20       1230237         .   T   .   47   NA00002    48  4 51,51 allele1        0
20       1230237         .   T   .   47   NA00002    48  4 51,51 allele2        0
20       1230237         .   T   .   47   NA00003    61  2  <NA> allele1        0
20       1230237         .   T   .   47   NA00003    61  2  <NA> allele2        0


(note that I omitted a few columns for visualization purpose and that I should also separate the HQ and INFO columns, but I think the concept is clear)

On one hand, this tidy format seems a lot more redundant than what is needed. Lot of information is repeated multiple times, and this file would require a lot of disk space to be stored (although maybe an efficient compression or a data base would reduce the problem).

On the other hand, this tidy format may be easier to use. To me, it seems easier to get the status of a given allele in a given individual, as I just need to find the corresponding row. Another advantage is that it would be easier to add new information to the file, like the population group of each individual, just by adding a new column.

> vcf.tidy %>% mutate(genotype.nt = ifelse(genotype==0, as.character(REF), as.character(ALT)), pop=ifelse(individual %in% c('NA00001', 'NA00002'), 'CHB', 'YRI'))

X.CHROM POS     ID        REF ALT QUAL individual GQ DP HQ    allele  gen gen.nt pop
20        14370 rs6054257 G   A   29   NA00001    48 1  51,51 allele1 0   G      CHB
20        14370 rs6054257 G   A   29   NA00001    48 1  51,51 allele2 0   G      CHB
20        14370 rs6054257 G   A   29   NA00002    48 8  51,51 allele1 1   A      CHB
20        14370 rs6054257 G   A   29   NA00002    48 8  51,51 allele2 0   G      CHB
20        14370 rs6054257 G   A   29   NA00003    43 5  .,.   allele1 1   A      YRI
20        14370 rs6054257 G   A   29   NA00003    43 5  .,.   allele2 1   A      YRI
20        17330 .         T   A    3   NA00001    49 3  58,50 allele1 0   T      CHB
20        17330 .         T   A    3   NA00001    49 3  58,50 allele2 0   T      CHB
20        17330 .         T   A    3   NA00002    3  5  65,3  allele1 0   T      CHB
20        17330 .         T   A    3   NA00002    3  5  65,3  allele2 1   A      CHB
20        17330 .         T   A    3   NA00003    41 3  <NA>  allele1 0   T      YRI
20        17330 .         T   A    3   NA00003    41 3  <NA>  allele2 0   T      YRI
20      1110696 rs6040355 A   G,T 67   NA00001    21 6  23,27 allele1 1   G,T    CHB
20      1110696 rs6040355 A   G,T 67   NA00001    21 6  23,27 allele2 2   G,T    CHB
20      1110696 rs6040355 A   G,T 67   NA00002    2  0  18,2  allele1 2   G,T    CHB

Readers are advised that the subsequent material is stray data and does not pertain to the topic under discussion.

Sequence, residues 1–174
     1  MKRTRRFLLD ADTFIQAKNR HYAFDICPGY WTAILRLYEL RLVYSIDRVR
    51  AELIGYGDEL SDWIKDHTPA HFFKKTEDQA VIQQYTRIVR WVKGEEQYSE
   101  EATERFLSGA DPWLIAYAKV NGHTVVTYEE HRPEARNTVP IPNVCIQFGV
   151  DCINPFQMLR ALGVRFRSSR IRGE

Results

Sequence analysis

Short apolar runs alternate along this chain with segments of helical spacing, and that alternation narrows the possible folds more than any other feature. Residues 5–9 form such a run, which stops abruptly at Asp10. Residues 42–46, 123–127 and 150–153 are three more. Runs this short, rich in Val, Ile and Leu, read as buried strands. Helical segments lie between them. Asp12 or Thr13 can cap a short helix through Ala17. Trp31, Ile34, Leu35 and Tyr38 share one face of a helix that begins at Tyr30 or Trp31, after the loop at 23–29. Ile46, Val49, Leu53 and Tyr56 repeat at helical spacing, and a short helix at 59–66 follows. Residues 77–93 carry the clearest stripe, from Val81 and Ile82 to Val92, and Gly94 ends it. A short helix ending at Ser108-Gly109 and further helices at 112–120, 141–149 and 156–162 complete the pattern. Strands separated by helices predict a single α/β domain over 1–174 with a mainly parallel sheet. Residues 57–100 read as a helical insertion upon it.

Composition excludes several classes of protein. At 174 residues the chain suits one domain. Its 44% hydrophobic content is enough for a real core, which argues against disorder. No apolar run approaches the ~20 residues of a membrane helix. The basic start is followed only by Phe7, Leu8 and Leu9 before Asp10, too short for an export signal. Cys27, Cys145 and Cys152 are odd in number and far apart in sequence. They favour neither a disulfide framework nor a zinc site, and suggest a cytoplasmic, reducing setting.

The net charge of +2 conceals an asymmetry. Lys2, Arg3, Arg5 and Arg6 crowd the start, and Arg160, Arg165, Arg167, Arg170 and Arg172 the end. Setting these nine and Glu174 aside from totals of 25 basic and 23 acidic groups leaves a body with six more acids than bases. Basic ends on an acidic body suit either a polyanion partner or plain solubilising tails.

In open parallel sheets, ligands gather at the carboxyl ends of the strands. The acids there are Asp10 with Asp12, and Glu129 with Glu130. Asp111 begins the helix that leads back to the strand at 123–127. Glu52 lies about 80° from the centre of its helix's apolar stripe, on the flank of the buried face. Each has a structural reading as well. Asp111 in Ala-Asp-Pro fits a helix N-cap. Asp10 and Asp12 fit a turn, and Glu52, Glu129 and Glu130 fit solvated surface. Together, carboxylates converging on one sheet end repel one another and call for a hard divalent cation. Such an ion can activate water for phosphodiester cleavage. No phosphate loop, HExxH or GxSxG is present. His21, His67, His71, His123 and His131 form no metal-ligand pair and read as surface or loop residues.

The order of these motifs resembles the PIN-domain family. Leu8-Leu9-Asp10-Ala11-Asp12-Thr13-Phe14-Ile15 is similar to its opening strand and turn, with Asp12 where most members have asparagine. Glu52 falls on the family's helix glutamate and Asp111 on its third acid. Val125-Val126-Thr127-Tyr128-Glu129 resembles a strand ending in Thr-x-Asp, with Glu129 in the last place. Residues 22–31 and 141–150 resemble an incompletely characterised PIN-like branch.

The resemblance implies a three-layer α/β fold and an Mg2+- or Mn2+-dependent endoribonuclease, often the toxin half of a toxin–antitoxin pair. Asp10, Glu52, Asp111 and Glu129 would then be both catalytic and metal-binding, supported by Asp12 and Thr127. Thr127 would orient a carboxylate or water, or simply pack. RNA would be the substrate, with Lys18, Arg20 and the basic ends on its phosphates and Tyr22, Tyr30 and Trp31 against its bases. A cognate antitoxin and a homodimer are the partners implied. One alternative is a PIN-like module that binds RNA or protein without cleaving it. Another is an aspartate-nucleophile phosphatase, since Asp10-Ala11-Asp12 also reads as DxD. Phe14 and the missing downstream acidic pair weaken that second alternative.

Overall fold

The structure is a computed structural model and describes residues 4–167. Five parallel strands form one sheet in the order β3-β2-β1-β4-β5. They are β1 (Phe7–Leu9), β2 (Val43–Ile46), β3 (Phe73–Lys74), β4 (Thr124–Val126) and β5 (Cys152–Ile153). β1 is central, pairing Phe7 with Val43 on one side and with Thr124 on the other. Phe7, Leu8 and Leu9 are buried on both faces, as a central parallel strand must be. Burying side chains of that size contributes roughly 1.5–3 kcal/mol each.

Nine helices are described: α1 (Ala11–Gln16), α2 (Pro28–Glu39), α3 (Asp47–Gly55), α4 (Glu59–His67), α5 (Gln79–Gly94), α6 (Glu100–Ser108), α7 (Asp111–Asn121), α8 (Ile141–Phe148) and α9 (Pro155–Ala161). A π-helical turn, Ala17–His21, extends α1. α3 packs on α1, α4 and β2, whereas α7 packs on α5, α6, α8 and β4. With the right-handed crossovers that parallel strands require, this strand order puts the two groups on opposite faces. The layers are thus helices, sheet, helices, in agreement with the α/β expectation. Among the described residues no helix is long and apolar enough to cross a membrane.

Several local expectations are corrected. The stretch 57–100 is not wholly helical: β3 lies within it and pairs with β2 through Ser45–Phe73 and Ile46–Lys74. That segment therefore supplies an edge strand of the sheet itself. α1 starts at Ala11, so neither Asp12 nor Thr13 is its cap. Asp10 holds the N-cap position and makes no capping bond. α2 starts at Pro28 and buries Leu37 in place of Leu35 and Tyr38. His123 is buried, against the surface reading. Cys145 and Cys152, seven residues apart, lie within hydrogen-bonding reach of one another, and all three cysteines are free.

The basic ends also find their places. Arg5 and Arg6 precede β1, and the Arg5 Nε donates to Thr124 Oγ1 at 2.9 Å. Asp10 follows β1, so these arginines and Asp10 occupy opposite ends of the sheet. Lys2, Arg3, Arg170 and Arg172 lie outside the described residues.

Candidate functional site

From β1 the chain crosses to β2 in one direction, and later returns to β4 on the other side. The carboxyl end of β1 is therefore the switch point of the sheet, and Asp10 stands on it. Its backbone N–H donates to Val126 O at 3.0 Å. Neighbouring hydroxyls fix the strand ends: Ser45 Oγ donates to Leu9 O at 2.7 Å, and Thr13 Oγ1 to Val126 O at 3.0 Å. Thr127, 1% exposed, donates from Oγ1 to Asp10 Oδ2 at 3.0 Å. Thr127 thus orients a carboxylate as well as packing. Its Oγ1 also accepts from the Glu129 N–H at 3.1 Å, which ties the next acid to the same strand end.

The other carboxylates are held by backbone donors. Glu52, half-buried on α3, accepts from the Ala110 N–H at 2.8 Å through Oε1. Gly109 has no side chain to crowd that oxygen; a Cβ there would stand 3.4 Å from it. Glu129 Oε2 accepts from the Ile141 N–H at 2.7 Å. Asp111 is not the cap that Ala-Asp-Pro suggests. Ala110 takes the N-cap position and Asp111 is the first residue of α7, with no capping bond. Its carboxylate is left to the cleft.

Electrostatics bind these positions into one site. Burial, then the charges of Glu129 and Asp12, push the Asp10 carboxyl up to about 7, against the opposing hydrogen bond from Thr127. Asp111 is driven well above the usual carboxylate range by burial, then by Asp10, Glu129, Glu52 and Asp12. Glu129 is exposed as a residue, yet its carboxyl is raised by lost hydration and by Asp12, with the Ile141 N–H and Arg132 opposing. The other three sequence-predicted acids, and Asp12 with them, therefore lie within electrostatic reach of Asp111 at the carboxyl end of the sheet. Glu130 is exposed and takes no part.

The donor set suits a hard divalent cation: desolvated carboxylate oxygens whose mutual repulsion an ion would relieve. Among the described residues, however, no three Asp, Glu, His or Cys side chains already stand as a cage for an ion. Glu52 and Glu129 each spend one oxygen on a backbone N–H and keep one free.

20      1110696 rs6040355 A   G,T 67   NA00002    2  0  18,2  allele2 1   G,T    CHB
20      1110696 rs6040355 A   G,T 67   NA00003    35 4  <NA>  allele1 2   G,T    YRI
20      1110696 rs6040355 A   G,T 67   NA00003    35 4  <NA>  allele2 2   G,T    YRI
20      1230237 .         T   .   47   NA00001    54 7  56,60 allele1 0   T      CHB
20      1230237 .         T   .   47   NA00001    54 7  56,60 allele2 0   T      CHB
20      1230237 .         T   .   47   NA00002    48 4  51,51 allele1 0   T      CHB
20      1230237 .         T   .   47   NA00002    48 4  51,51 allele2 0   T      CHB
20      1230237 .         T   .   47   NA00003    61 2  <NA>  allele1 0   T      YRI
20      1230237 .         T   .   47   NA00003    61 2  <NA>  allele2 0   T      YRI


What do you think? Will we all convert to tidy VCF in the far future?

vcf tidy-data • 8.3k views
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Entering edit mode

Yes, a format more geared towards tidy data would be highly beneficial for the field.

5
Entering edit mode
7.4 years ago
lh3 33k

VCF encodes two-dimensional information: position*sample. Both position (row) and sample (column) are variable names. This is the key reason that makes VCF complex and inconsistent to some extent. I don't see a clear solution to this problem. You basically use (position,sample) pair as row. This leads to redundant information and redundancy leads to inconsistencies and format parsing problems. For example, it is possible for the first two NA00001 lines to have different IDs and ALT alleles. The parser has to group rows and check consistencies in the group. For another example, we have have the same AF on different lines. When we want to retrieve AF, which line we should use? These are non-trivial. IMO, a good format should have minimal redundancies unless doing this greatly hurts expressiveness. In addition, your transformed format contains less information in the original VCF. You don't have AA/AF/etc. When you make a lossless transformation, the pair-as-row format will also become messier. "Tidy" is good for intermediate data processing, but it is not a good principle for format design.